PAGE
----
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Slow Speed Chase to Nowhere


Today is the twenty-sixth anniversary of O. J. Simpson’s slow speed chase through Southern California after the brutal murders of his ex-wife, Nicole Brown, and her friend Ron Goldman. Ninety-five million people watched the chase. Domino’s Pizza reported its highest single-day sales as Americans settled in on their couches to watch. Sales of Ford Broncos went up by 25 percent that year. I watched that night too, on my couch, eating pizza.

In a 2004 Vanity Fair article, Lily Anolik called this “the pilot episode of the first reality TV show.” This ‘episode’ also introduced the Kardashian family to the world. (In case you don’t remember, Robert Kardashian was Simpson’s earnest friend and sometime lawyer.) During Simpson’s criminal trial, TV cameras were allowed in the courtroom, a ruling that altered the TV-news landscape forever.

The Kardashians are still reality television stars, and the inherent racism and police brutality during the mid-nineties hasn't changed either. On the night of the Simpson chase, Southern Californians had fresh and vivid memories of the four highway patrolmen who savagely beat Rodney King in 1992, their acquittal of assault charges by an all-white jury, and the resulting riots.

The media coverage of the criminal trial was inescapable from June of 1994 to the verdict on October 3, 1995. It was the background noise, the constant soundtrack, and it acts as framework for my novel, “The Lockhart Women” coming next year from She Writes Press.


My novel is not about O. J. Simpson, it’s about a family coming apart. Brenda Lockhart is watching the chase on television at a party with her husband’s post office friends when he tells he’s leaving her for an older and (in Brenda’s judgmental opinion) much less attractive woman. Brenda is devastated, finds herself with too much time on her hands, and quickly becomes addicted to the media frenzy surrounding the murder investigations and resulting trials. She looks like Nicole Brown, met Simpson once, and is a big fan. He’s handsome. He starred in all those commercials. She can’t believe he would kill his wife.

I was fascinated by people caught up in the Simpson trial—the ones who made those Juice is Loose signs and stood on the freeway during the chase. The ones who drove up to Brentwood to see Simpson’s house, sat in Judge Ito’s courtroom for months, and stood in the parking lot on the day of the verdict. When the jury came back four hours after closing arguments, the world stopped to hear the verdict. Even the justices of the U.S. Supreme Court quietly passed a note about Simpson’s innocence to each other during oral arguments.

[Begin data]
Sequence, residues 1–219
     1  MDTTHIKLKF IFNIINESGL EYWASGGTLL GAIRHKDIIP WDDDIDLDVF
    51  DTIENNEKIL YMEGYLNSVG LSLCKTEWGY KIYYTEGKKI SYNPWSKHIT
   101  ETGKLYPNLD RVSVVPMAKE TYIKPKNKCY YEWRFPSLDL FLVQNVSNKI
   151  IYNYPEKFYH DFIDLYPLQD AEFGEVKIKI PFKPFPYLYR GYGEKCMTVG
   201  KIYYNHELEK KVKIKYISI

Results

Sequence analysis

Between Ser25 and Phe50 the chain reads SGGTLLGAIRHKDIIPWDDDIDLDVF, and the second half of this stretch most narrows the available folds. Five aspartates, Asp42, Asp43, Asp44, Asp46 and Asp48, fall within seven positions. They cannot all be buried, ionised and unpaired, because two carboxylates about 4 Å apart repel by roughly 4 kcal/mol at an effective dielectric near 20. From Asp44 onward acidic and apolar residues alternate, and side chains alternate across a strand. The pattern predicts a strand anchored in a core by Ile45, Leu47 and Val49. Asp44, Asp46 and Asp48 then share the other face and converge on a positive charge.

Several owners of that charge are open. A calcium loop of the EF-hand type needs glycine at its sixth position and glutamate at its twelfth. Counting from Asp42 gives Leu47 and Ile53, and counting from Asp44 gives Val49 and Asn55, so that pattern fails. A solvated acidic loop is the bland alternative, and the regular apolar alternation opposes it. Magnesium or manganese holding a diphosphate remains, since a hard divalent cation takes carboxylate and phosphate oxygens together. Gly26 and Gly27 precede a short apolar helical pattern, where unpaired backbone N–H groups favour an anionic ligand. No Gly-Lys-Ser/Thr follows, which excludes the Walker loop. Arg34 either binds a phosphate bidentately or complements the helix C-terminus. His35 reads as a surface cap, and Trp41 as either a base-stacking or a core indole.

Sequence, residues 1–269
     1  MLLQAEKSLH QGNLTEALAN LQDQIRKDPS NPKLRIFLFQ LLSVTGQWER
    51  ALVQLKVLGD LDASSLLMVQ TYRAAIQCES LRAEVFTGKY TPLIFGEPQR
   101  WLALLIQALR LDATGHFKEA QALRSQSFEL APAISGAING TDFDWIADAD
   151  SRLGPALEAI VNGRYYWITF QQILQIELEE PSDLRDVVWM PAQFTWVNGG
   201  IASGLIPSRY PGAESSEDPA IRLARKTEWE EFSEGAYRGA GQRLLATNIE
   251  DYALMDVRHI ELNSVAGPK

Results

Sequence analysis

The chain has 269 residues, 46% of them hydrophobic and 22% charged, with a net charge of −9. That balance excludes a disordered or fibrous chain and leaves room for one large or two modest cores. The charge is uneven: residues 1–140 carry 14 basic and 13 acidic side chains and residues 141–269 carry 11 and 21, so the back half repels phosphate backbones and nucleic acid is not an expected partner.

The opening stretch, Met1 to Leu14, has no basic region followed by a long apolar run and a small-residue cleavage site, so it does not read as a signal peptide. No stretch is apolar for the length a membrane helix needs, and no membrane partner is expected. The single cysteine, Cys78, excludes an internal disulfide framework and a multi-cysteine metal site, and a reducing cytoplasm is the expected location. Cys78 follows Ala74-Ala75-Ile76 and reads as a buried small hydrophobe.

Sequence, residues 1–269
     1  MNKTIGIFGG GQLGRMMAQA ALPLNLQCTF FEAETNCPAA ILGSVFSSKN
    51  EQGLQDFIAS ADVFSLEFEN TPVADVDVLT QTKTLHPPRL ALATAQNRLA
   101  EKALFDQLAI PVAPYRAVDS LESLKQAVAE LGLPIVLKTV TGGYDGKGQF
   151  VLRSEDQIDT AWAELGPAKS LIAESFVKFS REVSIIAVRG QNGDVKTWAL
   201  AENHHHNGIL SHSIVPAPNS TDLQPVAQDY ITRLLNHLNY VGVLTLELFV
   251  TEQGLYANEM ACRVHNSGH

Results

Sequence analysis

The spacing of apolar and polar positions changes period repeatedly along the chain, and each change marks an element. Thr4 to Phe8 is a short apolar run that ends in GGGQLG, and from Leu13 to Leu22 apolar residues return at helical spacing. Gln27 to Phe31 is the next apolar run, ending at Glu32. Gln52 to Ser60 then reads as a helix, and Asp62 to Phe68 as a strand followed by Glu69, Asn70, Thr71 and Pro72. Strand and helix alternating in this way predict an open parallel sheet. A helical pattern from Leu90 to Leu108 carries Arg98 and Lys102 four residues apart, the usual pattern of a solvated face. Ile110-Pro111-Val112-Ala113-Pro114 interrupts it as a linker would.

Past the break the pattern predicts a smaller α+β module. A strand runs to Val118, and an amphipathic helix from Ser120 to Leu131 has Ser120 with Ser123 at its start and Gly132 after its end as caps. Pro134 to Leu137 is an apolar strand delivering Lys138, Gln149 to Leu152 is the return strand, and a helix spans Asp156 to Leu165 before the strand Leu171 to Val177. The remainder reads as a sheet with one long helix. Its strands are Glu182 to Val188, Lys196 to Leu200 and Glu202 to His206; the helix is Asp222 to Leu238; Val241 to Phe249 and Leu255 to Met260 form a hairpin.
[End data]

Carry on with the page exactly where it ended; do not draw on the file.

I hope you won’t blame my character Brenda for wanting to believe Simpson was innocent. He was a beloved celebrity athlete with endorsements from Hertz rent a car and roles in "The Naked Gun." To this day, everyone usually refers to him by his nickname. We are a nation of celebrity worshippers and we make heroes out of those who are not. For example, John Wayne, Robert E. Lee, Michael Jackson. Los Angeles juries also have a history of not being able to convict celebrities of serious crimes. For example, Robert Blake, R Kelly, Michael Jackson.

Vincent Bugliosi makes some compelling points in “Outrage, The Five Reasons Why O. J. Simpson Got Away With Murder.”

  • The Los Angeles District Attorney’s office arrogant disregard for the predominately African American jury’s long history with LAPD’s brutal racism

  • The police department’s bungling of critical evidence and blood samples

  • The media hungry Judge Ito, who should have recused himself because of past history with his wife, and the infamous racist, Mark Fuhrman

  • The infamous racist, Mark Fuhrman

  • The sexist media's irrelevant and distracting focus on lead prosecutor Marcia Clark’s single motherhood, hair, and skirt length

Despite the racism, sexism, arrogance, blunders, and poor judgement, the “Not Guilty verdict” shocked white Americans especially, (although not my character Brenda. I can’t wait for you to meet her.) Most white Americans, like me, assumed Simpson would be convicted because that’s what white people do; we assume.

Simpson went to prison, eventually, for a botched armed robbery. He served nine years and is a free man now, still very much in the public eye. Within one week of joining Twitter in 2019, he had more than 750,000 followers. Mark Fuhrman is currently a commentator on police violence for Fox News. Marcia Clark has written a crime fiction series and four best-selling legal thrillers. And most recently, Ford Motor Company has announced the release of a brand-new Bronco on July 9, 2020. Simpson’s birthday in case you didn’t know.

Not much has changed.



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